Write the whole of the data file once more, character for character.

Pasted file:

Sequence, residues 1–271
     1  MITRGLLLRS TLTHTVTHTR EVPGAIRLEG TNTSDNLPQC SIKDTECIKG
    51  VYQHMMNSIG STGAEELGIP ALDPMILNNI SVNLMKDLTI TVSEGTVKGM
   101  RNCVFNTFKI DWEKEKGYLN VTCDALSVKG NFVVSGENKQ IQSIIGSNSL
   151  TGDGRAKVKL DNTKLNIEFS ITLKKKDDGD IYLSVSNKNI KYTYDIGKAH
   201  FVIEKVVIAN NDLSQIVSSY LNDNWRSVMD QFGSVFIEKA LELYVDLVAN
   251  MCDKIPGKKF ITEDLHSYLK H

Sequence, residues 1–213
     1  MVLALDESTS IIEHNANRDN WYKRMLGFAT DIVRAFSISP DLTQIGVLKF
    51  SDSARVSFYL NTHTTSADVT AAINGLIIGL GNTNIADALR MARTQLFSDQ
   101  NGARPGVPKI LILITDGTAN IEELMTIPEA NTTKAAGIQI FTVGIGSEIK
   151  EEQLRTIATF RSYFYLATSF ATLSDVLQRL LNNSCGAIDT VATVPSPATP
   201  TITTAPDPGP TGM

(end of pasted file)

Sequence, residues 1–271
     1  MITRGLLLRS TLTHTVTHTR EVPGAIRLEG TNTSDNLPQC SIKDTECIKG
    51  VYQHMMNSIG STGAEELGIP ALDPMILNNI SVNLMKDLTI TVSEGTVKGM
   101  RNCVFNTFKI DWEKEKGYLN VTCDALSVKG NFVVSGENKQ IQSIIGSNSL
   151  TGDGRAKVKL DNTKLNIEFS ITLKKKDDGD IYLSVSNKNI KYTYDIGKAH
   201  FVIEKVVIAN NDLSQIVSSY LNDNWRSVMD QFGSVFIEKA LELYVDLVAN
   251  MCDKIPGKKF ITEDLHSYLK H

Sequence, residues 1–213
     1  MVLALDESTS IIEHNANRDN WYKRMLGFAT DIVRAFSISP DLTQIGVLKF
    51  SDSARVSFYL NTHTTSADVT AAINGLIIGL GNTNIADALR MARTQLFSDQ
   101  NGARPGVPKI LILITDGTAN IEELMTIPEA NTTKAAGIQI FTVGIGSEIK
   151  EEQLRTIATF RSYFYLATSF ATLSDVLQRL LNNSCGAIDT VATVPSPATP
   201  TITTAPDPGP TGM